We find the applicable rule under these circumstances aptly stated in In re Orr, 38 Ill. 2d 417, 231 N.E.2d 424, as follows:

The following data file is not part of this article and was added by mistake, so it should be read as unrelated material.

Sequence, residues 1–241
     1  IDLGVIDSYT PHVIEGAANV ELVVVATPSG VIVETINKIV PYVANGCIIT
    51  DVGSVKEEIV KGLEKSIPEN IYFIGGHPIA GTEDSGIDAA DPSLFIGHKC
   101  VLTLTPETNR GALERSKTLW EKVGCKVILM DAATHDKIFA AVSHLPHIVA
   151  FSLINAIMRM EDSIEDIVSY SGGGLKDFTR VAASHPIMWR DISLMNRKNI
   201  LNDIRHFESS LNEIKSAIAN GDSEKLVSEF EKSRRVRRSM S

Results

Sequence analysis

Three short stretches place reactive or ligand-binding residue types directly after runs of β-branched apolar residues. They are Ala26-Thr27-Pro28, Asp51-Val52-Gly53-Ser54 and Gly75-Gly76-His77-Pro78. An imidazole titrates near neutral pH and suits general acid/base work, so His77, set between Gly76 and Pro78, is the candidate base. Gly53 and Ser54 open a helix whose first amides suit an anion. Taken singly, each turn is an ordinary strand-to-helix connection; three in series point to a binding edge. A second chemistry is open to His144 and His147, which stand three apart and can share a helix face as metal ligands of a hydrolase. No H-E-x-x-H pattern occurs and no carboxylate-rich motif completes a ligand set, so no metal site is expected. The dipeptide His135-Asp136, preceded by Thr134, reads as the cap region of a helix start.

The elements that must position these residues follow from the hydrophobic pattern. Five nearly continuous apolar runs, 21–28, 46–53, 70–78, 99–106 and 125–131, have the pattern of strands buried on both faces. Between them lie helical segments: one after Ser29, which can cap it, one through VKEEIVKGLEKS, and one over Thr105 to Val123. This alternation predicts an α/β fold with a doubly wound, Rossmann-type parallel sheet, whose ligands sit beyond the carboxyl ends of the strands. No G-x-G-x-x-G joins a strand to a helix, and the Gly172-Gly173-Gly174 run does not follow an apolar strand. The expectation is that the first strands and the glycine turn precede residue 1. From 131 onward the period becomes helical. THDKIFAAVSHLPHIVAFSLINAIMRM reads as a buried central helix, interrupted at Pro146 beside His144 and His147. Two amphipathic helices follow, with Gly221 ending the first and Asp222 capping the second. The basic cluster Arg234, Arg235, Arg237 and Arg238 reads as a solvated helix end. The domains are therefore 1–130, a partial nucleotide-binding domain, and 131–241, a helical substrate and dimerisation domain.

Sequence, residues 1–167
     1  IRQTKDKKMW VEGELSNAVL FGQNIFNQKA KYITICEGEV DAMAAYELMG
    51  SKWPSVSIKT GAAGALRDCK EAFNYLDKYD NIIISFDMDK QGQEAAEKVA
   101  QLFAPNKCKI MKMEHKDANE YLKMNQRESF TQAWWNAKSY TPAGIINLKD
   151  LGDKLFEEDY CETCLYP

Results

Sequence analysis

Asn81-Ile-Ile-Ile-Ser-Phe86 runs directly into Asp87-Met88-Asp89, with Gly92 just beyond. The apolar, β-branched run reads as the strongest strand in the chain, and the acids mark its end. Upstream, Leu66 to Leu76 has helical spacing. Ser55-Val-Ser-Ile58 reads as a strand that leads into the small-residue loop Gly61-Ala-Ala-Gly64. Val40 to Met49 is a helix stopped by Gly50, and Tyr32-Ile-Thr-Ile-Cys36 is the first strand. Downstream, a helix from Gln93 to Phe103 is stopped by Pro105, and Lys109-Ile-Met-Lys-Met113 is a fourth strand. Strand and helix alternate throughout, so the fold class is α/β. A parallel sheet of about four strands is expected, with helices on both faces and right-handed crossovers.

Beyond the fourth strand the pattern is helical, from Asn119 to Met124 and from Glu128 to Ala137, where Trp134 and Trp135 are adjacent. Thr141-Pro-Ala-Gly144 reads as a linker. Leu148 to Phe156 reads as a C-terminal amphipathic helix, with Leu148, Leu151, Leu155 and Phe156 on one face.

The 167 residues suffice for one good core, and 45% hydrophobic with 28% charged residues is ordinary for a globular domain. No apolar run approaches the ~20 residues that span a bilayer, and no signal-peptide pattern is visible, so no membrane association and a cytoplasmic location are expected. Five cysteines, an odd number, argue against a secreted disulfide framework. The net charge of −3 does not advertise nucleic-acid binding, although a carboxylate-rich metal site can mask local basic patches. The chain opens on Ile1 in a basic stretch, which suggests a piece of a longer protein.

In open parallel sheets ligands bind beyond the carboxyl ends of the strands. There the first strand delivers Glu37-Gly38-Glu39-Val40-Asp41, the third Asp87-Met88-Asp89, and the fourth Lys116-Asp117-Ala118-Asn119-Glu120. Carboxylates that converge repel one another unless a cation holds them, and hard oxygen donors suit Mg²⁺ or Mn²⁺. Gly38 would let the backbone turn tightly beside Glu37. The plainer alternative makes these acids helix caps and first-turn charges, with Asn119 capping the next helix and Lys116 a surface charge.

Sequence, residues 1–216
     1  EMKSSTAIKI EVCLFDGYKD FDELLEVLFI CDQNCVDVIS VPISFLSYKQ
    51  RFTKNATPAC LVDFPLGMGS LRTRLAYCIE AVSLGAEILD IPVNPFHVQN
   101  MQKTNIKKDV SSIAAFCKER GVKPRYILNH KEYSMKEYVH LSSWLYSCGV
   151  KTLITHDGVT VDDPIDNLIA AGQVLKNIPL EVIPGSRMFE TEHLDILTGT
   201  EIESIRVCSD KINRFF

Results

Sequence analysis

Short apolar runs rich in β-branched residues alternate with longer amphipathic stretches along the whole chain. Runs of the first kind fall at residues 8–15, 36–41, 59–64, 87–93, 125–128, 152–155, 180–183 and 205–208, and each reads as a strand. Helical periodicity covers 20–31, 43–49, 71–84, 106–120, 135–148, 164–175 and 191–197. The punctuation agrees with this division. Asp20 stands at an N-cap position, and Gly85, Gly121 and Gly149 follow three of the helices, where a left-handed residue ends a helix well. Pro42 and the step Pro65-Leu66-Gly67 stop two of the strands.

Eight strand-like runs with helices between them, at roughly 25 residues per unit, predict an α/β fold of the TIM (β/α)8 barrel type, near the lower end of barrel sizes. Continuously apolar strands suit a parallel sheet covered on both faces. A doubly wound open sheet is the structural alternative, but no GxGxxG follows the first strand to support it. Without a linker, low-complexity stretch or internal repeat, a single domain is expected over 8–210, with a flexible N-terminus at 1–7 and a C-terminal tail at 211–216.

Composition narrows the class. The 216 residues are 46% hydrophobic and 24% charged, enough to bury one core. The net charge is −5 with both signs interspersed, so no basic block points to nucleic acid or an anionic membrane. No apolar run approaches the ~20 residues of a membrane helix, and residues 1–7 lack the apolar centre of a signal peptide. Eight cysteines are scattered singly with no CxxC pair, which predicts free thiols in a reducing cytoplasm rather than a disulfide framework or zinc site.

". . . It is therefore apparent that the issue here is not the necessity of a warning prior to questioning, but its necessity before a spontaneous declaration may be received in evidence. Although we have not heretofore considered this question, our research discloses several cases in which other courts have done so. All agree that Miranda does not require police to interrupt a suspect in the process of making a spontaneous statement in order to warn him of his constitutional rights, and that a statement made in the absence of any questioning is not inadmissible by virtue of the failure to give such warning. Ballay v. People, [160 Colo. 309] 419 P.2d 446, 449; United States v. Cruz, (W.D.Tex.) 265 F. Supp. 15, 20; Diaz v. United States, (E.D.La.) 264 F. Supp. 937, 945; People v. Jones, 244 Cal. App. 2d 378, 52 Cal. Rptr. 924, 926; see also State v. Hymore, 9 Ohio St.2d 122, 224 N.E.2d 126, 129.) In our opinion, these decisions are correct. In Miranda, the majority makes clear that its requirement is directed solely toward warnings prior to in-custody interrogation, for, during the course of the opinion, it said (384 U.S. at 478, 86 S. Ct. at 1630, 16 L.Ed.2d at 726): `In dealing with statements obtained through interrogation, we do not purport to find all confessions inadmissible. *866 Confessions remain a proper element in law enforcement. Any statement given freely and voluntarily without any compelling influences is, of course, admissible in evidence. The fundamental import of the privilege while an individual is in custody is not whether he is allowed to talk to the police without the benefit of warnings and counsel, but whether he can be interrogated. . . ."